The Archaeological Museum of Thessaloniki is one of the largest museums in Greece and the central museum of northern Greece. It holds and interprets artifacts from the Prehistoric, Archaic, Classical, Hellenistic and Roman periods, mostly from the city of Thessaloniki but also from the region of Macedonia in general.
The museum is housed in a building designed by architect Patroklos Karantinos and is an example of the modern architectural trends of Greece. Built in 1962, the museum had a new wing added to it in 1980, in which the findings from Vergina were displayed, up until 1997. In 2001 and 2004, in the run-up to the 2004 Athens Olympics, the museum was extensively renovated and its permanent exhibits reorganized.
The central rooms hold exhibits from the archaeological excavations conducted in Thessaloniki and the broader area of Macedonia. The new wing hosts two exhibitions: The Gold of Macedon, with artefacts from the cemeteries of Sindos, Agia Paraskevi, Nea Filadelfia, Makrygialos, Derveni, Lete, Serres, and Evropos; and The Thessaloniki Area in Prehistory, with material from prehistoric settlements, dating from the Neolithic to the Early and Late Bronze Age.
At present, the collection of Archaic to Late Roman sculptures from Thessaloniki and Macedonia in general is displayed in the central section of the museum. They illustrate the history of Thessaloniki from prehistoric times to Late Antiquity. These rooms display architectural members from an Ionic temple of the 6th century BC, sculptures of all periods from Macedonia, exhibits from the excavations in the palace complex built by Galerius in the Thessaloniki city centre, a reconstruction of the façade of the Macedonian tomb in Agia Paraskevi, with genuine architectural members, and finds (mainly gold artefacts) of the Archaic and Classical periods from the Sindos cemetery. In all these rooms, certain important exhibits have been singled out and further information about them is given to help visitors appreciate the importance of each exhibit and of the area and the period from which it comes.
Apart from its permanent displays, the Archaeological Museum also hosts major temporary and thematic exhibitions.
In the new wing, the Gold of Macedon exhibition includes finds from numerous excavations in Central Macedonia. Taking the history of gold as its central theme, it presents the culture of Macedonia from the 6th century BC to 148 BC, discussing the use of gold (jewellery, sartorial decoration, gilding of objects and vessels, coins), the technology of the manufacture of gold jewellery, and the techniques of gold mining. There are also numerous finds from cemeteries, and their role in burial customs is described.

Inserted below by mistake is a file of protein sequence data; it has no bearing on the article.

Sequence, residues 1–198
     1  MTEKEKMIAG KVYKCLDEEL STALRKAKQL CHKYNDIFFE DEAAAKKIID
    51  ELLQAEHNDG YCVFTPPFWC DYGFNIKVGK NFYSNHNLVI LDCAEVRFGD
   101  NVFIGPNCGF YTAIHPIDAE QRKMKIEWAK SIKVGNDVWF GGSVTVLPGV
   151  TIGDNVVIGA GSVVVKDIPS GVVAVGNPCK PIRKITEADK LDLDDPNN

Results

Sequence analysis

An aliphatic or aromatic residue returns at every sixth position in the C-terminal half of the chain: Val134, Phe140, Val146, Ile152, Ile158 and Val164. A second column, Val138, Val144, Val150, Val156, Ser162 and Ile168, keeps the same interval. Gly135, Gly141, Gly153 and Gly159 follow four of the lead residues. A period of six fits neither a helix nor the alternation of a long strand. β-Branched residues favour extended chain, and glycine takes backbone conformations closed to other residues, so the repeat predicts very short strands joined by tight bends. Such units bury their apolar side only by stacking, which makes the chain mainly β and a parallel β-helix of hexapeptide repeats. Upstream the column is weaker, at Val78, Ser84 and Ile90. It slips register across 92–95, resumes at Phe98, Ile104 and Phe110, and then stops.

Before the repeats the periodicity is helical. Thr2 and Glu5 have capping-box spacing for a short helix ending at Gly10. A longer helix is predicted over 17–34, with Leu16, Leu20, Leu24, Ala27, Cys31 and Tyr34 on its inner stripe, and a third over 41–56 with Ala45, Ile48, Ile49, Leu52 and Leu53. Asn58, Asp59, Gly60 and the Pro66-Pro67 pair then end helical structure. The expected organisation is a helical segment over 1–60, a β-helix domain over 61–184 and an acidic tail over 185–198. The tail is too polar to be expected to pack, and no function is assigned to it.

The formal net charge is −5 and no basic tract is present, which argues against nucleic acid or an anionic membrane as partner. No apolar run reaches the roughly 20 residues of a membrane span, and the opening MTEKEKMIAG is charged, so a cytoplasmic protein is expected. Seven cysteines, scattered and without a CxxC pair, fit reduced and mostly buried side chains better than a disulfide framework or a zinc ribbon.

The Thessaloniki in Prehistory exhibition aims to recreate a picture of the Thermaic Gulf littoral before the city of Thessaloniki was built. It presents the first excavations, which were carried out during the First World War by British and French troops, and finds from the most important prehistoric settlements in the area (Thermi, Vassilika, Stavroupoli, Oraiokastro, Assiros, Toumba, and Kastana) divided into three chronological groups (Neolithic, and Early and Late Bronze Age).References:
Dating from the 15th century, Kisimul is the only significant surviving medieval castle in the Outer Hebrides. It was the residence of the chief of the Macneils of Barra, who claimed descent from the legendary Niall of the Nine Hostages. Tradition tells of the Macneils settling in Barra in the 11th century, but it was only in 1427 that Gilleonan Macneil comes on record as the first lord. He probably built the castle that dominates the rocky islet, and in its shadow a crew house for his personal galley and crew. The sea coursed through Macneil veins, and a descendant, Ruari ‘the Turbulent’, was arrested for piracy of an English ship during King James VI’s reign in the later 16th century.
Heavy debts eventually forced the Macneil chiefs to sell Barra in 1838. However, a descendant, Robert Lister Macneil, the 45th Chief, repurchased the estate in 1937, and set about restoring his ancestral seat. It passed into Historic Scotland’s care in 2000.
The castle dates essentially from the 15th century. It takes the form of a three-storey tower house. This formed the residence of the clan chief. An associated curtain wall fringed the small rock on which the castle stood, and enclosed a small courtyard in which there are ancillary buildings. These comprised a feasting hall, a chapel, a tanist’s house and a watchman’s house. Most were restored in the 20th century, the tanist’s house serving as the family home of the Macneils. A well near the postern gate is fed with fresh water from an underground seam. Outside the curtain wall, beside the original landing-place, are the foundations of the crew house, where the sailors manning their chief’s galley had their quarters.